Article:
Property markets are never static, like almost all other sectors, the apartment market is always evolving and adapting to new forces.
However, we currently have a combination of factors that are re-shaping the market beyond mere fashion or temporary changes impacting supply and demand. These factors include a diminished or at least more complex role for investors, a surge in demand from owner-occupiers and the inevitable wide spread development of build-to-rent projects.
While there are other factors, these three are, in combination set to change how individual apartments and projects might look like in the immediate future. All three are intertwined with finance, shifting demographics across our major cities, linked to design trends and government planning regulations.
Investors Lose Poll Position
For a variety of reasons, chiefly, the ready access to finance and favourable taxation policy, investors were until recently driving demand in the apartment market.
Finance played a key role in the form of low interest rates, the popularity of self-managed superannuation funds allied with the disincentive to invest in conservative options including fixed interest deposits.
Taxation policy also favoured investors with reduced capital gains, attractive depreciation allowances and negative gearing. While these policies are still largely intact, they have attracted the spotlight as areas of possible policy change, and this has unsettled some investors.
However, it’s been the impact of much tighter finance options that has basically eroded the presence of investors in the market and in particular offshore investors who now also face increased and additional charges and taxes.
Developers have also over recent years responded to investor demand by producing apartment projects that had greater appeal among investors, than owner-occupiers. This is not to suggest any sort of substandard product, as tenants still demand a level of quality to justify market rents. Nonetheless investors were driving the character and product standards of many projects, and trend that is now changing in favour of owner-occupiers.
Investment product does not always satisfy the longer-term needs and aspirations of owner-occupiers and what we are now seeing is more design innovation with an owner-occupier focus.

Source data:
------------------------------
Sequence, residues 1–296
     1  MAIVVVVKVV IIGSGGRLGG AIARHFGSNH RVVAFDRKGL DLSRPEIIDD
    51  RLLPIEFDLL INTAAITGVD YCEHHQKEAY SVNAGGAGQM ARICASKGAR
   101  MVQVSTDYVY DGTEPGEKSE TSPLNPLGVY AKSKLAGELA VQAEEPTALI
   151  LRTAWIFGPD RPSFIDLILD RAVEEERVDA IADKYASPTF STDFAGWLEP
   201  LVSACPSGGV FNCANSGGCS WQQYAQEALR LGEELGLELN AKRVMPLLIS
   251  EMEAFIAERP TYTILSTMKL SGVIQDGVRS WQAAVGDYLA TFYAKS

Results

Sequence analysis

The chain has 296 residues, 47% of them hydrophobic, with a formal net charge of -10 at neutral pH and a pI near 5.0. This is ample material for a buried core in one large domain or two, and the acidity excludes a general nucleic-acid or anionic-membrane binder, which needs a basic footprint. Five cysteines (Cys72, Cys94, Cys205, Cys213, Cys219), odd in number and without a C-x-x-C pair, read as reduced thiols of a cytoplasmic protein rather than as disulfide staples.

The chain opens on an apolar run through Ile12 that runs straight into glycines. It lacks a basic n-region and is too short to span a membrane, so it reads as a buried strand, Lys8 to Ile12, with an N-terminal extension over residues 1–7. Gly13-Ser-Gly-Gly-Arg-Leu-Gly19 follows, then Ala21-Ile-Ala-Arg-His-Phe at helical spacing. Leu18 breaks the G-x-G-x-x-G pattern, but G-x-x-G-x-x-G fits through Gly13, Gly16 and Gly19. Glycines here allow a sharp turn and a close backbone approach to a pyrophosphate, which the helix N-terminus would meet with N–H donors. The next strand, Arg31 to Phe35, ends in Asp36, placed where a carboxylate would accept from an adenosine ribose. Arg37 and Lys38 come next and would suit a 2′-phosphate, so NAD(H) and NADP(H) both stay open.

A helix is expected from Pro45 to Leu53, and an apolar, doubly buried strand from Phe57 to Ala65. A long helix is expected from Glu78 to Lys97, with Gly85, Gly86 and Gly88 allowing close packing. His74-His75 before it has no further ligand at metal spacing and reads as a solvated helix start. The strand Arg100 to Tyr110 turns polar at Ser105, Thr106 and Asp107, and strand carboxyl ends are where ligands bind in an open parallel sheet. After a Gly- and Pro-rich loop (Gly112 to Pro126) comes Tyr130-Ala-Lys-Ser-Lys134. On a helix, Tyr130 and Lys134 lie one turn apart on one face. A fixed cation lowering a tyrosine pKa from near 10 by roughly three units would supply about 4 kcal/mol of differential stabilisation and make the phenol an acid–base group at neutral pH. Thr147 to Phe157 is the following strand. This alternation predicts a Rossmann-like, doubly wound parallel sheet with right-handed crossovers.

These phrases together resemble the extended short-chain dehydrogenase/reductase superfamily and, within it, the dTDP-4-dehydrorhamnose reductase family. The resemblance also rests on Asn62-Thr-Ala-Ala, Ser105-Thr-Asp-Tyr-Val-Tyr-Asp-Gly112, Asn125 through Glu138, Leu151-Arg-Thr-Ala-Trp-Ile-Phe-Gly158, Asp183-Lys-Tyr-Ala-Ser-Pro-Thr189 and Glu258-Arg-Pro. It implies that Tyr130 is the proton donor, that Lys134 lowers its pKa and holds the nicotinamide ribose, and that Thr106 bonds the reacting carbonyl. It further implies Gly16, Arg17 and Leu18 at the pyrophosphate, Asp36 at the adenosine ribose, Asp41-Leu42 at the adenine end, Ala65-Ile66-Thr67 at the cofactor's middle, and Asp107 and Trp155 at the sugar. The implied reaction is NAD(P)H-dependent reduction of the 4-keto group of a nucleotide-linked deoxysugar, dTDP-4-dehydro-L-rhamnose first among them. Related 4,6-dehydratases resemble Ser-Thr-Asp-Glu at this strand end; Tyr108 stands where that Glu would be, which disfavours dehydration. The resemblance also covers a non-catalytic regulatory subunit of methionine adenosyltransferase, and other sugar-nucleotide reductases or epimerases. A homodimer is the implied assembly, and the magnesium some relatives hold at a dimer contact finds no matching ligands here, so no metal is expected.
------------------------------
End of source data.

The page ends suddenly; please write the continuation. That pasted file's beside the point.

This focus is impacting developments in a number of ways, including a shift to larger apartments that have appeal to families, with many more 2 and 3-bedroom apartments that offer greater flexibility and in particular larger living areas.
In some developments, this has seen a trend where a family will buy several adjoining apartments to accommodate their lifestyle aspirations.
As buyers are often paying high prices on par with median house prices, this demand is driving a transformation in quality, as apartments evolve into long-term family homes.
Some general design ‘must-haves’ for this market include; individual entrance foyers, a guest or easily accessible bathroom, ample storage both internally and additional basement/external storage, good size bedrooms, eat-in kitchens and covered private balcony spaces.
Demand from owner-occupiers is also impacting the extent and character of communal facilities, for example and favouring thoughtfully designed rooftop and courtyard gardens that feature edible veggie patches and captured water supplies.
The Popularity of Mixed-use
As the market shifts to a greater emphasis on owner-occupiers the appeal of mixed-use or integrated developments has been noticeable.
These developments are also changing to reflect wider demographic trends including an ability to age in-place and with work options closer to home and transport connections.